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The world is increasingly globalized and increasingly interconnected, with implications for sustainability and for how we handle sustainability challenges politically. Understanding how we should be managing this connectivity and the political challenges of living in an era where humans are the main force of change on the planet is key if you ask Victor Galaz.
While his PhD is in political science, Victor’s undergrad is a mix of social and natural sciences and he has always been drawn to the transdisciplinary research space where many disciplines meet and collaborate.
”Working within just one discipline provides you with a rather narrow picture of the world, and I was always interested in the bigger picture,” Victor Galaz says as we sit down over coffee in the kitchen at Stockholm Resilience Centre. Victor is associate professor here, and was recently also appointed deputy science director, a role he shares with Line Gordon and Henrik Österblom.
The role as deputy science director has meant big changes to Victor’s day-to-day work. He now spends a lot of time thinking strategically about how research is conducted at the centre and “how to best tap into the energy and immense talents that we have here”.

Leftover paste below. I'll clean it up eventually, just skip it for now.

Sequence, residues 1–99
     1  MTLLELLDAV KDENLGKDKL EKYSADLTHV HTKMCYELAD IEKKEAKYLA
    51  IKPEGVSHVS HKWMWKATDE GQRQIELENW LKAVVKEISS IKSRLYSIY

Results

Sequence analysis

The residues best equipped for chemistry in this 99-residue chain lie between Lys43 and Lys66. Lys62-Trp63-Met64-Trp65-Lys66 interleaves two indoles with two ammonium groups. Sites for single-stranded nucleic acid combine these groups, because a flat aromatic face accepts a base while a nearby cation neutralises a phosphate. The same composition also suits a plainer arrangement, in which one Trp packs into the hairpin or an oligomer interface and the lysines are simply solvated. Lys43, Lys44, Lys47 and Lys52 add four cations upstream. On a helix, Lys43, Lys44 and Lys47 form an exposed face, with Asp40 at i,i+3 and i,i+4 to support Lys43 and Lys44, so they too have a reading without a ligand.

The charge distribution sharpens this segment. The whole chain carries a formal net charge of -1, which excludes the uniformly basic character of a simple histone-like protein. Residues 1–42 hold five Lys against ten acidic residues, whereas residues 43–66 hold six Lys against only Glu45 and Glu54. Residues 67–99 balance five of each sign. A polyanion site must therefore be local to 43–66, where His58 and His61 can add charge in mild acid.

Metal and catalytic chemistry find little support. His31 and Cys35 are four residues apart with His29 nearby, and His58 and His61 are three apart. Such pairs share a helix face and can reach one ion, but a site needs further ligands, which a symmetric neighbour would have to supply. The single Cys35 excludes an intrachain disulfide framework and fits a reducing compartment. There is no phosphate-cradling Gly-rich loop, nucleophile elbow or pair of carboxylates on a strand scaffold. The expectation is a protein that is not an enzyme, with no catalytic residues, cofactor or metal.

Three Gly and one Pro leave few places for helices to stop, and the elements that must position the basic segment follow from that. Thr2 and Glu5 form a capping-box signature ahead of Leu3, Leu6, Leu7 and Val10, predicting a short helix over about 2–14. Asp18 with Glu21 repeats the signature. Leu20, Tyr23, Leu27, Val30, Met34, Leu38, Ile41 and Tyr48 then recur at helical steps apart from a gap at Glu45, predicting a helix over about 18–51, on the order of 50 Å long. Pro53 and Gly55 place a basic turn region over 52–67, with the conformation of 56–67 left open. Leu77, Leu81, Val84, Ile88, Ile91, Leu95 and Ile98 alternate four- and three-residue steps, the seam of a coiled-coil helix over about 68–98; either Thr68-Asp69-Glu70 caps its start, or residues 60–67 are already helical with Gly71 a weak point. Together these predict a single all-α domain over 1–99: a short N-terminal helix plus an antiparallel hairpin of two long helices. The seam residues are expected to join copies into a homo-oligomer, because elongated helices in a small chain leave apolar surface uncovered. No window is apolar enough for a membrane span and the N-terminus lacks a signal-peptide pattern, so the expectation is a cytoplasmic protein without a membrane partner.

Focusing only on the scientific understanding of the global challenges we face isn’t enough – without political institutions in place, how do we act on that knowledge?
- Victor Galaz
In an academic and funding structure rigged to benefit individual work and single-disciplinary thinking he finds that having the time to delve into these matters is very important. And taking a transdisciplinary approach to environmental and sustainability challenges is something that Victor has found interesting from the start:
“For some reason I always felt a need to understand sustainability issues through a political lens. And, wanting the wider perspective, I was drawn to multidisciplinary projects. It’s challenging to bring together many different research fields to work together on research questions, but I think it is absolutely necessary if we want to be able to face today’s challenges,” he says.